ZAFEMY: Package Insert and Label Information (Page 3 of 6)

5.11 Depression

Carefully observe women with a history of depression and discontinue ZAFEMY if depression recurs to a serious degree.

5.12 Malignant Neoplasms

Breast Cancer

ZAFEMY is contraindicated in females who currently have or have had breast cancer because breast cancer may be hormonally sensitive [see Contraindications (4)]. Epidemiology studies have not found a consistent association between use of combined oral contraceptives (COCs) and breast cancer risk. Studies do not show an association between ever (current or past) use of COCs and risk of breast cancer. However, some studies report a small increase in the risk of breast cancer among current or recent users (<6 months since last use) and current users with longer duration of COC use [see Postmarketing Experience (6.2)].

Cervical Cancer

Some studies suggest that combination oral contraceptive use has been associated with an increase in the risk of cervical cancer or intraepithelial neoplasia. However, there continues to be controversy about the extent to which such findings may be due to differences in sexual behavior and other factors.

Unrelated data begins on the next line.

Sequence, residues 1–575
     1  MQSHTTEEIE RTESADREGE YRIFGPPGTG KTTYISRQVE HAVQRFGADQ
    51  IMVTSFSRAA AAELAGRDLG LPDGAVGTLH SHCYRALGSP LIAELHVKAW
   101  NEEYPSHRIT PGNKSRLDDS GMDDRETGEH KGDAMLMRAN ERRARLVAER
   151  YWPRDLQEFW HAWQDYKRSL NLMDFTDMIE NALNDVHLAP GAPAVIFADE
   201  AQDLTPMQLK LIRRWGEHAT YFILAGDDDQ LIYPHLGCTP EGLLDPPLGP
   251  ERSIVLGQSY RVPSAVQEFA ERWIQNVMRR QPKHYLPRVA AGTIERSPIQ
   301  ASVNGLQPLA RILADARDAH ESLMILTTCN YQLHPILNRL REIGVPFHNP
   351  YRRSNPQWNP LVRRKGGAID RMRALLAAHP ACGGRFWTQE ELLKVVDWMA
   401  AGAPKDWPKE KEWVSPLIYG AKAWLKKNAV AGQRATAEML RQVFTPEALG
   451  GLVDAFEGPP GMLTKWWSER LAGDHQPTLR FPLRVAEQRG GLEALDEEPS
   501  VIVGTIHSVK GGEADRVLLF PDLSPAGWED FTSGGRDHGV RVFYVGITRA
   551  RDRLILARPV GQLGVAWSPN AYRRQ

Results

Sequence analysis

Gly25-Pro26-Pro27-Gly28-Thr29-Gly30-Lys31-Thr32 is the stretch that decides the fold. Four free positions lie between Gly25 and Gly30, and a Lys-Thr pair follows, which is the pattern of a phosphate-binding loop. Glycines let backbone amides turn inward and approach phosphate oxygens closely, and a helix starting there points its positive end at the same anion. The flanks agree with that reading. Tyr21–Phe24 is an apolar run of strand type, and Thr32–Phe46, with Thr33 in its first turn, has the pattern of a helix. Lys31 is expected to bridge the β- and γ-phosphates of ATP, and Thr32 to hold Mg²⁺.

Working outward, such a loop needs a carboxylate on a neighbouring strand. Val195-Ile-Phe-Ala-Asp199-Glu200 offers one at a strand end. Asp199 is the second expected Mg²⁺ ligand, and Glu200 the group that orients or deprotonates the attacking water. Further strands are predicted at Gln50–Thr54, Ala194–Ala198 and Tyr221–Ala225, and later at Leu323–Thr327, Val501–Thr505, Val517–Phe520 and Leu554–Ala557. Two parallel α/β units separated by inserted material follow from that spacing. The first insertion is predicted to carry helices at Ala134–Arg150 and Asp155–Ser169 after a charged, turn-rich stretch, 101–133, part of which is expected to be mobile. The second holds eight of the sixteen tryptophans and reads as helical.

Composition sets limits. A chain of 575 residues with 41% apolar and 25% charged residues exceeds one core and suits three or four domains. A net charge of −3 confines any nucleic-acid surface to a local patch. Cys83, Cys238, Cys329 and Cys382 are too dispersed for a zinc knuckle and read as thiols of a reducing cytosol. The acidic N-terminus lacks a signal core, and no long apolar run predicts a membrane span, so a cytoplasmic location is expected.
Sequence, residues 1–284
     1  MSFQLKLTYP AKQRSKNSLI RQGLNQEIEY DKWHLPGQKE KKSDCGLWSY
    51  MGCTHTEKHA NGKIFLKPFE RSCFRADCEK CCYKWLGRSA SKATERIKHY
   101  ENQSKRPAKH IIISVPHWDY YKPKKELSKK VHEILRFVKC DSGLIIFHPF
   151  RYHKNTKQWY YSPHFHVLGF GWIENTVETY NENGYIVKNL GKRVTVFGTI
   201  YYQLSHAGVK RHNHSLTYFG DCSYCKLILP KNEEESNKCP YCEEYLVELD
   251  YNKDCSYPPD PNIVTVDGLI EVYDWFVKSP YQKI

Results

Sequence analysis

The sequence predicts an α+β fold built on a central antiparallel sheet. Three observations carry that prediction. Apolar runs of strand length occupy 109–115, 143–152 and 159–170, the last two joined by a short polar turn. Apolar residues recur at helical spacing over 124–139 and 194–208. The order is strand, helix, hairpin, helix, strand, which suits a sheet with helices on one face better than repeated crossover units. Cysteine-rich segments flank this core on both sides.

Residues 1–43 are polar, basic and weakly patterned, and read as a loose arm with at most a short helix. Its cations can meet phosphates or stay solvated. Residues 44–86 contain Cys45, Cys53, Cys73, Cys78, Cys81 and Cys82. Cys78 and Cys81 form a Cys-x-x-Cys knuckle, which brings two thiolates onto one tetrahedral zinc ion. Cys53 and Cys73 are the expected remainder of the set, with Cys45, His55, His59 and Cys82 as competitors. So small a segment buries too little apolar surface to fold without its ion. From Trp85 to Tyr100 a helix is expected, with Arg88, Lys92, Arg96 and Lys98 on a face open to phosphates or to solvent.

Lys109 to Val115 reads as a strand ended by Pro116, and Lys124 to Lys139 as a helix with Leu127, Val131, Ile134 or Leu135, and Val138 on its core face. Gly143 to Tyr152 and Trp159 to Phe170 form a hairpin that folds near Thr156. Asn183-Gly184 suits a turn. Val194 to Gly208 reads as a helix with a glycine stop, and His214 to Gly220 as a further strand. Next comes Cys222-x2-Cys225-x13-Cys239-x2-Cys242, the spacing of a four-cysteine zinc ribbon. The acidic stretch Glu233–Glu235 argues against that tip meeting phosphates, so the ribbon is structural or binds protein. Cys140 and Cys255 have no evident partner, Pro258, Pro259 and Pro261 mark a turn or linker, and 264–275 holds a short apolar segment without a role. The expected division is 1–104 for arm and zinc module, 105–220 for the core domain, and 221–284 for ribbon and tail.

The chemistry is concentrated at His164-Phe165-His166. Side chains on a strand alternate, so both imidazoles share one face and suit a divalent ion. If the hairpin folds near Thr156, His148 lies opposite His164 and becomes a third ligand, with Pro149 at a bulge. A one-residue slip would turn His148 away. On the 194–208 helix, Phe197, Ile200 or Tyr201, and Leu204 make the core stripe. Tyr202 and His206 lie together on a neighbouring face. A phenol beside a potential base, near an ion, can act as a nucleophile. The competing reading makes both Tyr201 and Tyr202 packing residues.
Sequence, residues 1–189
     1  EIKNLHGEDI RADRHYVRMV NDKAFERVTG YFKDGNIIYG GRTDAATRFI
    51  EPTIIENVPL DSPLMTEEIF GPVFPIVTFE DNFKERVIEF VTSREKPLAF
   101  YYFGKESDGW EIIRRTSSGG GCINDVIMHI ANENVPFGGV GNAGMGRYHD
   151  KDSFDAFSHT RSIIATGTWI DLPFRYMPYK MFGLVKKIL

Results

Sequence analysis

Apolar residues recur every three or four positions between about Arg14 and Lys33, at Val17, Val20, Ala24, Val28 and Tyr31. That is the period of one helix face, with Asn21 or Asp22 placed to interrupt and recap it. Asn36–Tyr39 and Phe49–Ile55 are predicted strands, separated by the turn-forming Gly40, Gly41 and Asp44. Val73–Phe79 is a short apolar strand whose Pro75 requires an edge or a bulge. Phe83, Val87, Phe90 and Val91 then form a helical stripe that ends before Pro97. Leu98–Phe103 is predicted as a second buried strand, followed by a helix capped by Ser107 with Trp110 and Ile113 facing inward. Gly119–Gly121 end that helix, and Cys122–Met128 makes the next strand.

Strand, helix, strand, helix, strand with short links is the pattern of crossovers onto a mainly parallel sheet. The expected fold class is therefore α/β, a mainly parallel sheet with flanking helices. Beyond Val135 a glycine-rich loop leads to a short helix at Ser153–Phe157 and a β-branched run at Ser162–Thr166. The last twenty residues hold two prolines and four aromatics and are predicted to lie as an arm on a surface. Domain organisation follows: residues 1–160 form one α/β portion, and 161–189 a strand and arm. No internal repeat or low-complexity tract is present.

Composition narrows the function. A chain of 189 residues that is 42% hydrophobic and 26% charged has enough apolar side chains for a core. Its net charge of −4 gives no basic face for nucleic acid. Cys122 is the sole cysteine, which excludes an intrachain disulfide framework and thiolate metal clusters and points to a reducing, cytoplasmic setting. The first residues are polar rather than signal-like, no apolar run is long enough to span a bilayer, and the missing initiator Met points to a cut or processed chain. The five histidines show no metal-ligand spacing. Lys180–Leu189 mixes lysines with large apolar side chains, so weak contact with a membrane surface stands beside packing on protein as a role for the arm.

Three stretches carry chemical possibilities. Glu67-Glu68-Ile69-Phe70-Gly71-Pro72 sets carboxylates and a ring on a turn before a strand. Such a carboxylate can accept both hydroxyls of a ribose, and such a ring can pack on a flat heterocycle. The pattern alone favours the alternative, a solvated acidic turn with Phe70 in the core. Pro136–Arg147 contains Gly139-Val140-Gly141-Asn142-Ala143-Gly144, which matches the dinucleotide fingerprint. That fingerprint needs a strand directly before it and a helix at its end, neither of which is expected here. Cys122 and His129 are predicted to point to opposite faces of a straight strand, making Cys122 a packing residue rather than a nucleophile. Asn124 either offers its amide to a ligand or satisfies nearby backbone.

5.13 Effect on Binding Globulins

The estrogen component of CHCs may raise the serum concentrations of thyroxine-binding globulin, sex hormone-binding globulin and cortisol-binding globulin. The dose of replacement thyroid hormone or cortisol therapy may need to be increased.

5.14 Monitoring

A woman who is taking hormonal contraceptive should have routine visits with her healthcare provider for a blood pressure check and for other indicated healthcare.

5.15 Hereditary Angioedema

In women with hereditary angioedema, exogenous estrogens may induce or exacerbate symptoms of angioedema.

5.16 Chloasma

Chloasma may occasionally occur, especially in women with a history of chloasma gravidarum. Women with a tendency to chloasma should avoid exposure to the sun or ultraviolet radiation while using ZAFEMY.

6 ADVERSE REACTIONS

The following serious adverse reactions with the use of combination hormonal contraceptives, including ZAFEMY, are discussed elsewhere in the labeling:

Adverse reactions commonly reported by users of combination hormonal contraceptives are:

  • Irregular uterine bleeding
  • Nausea
  • Breast tenderness
  • Headache

6.1 Clinical Trials Experience

Because clinical trials are conducted under widely varying conditions, adverse reaction rates observed in the clinical trials of a drug cannot be directly compared to rates in the clinical trials of another drug and may not reflect the rates observed in clinical practice.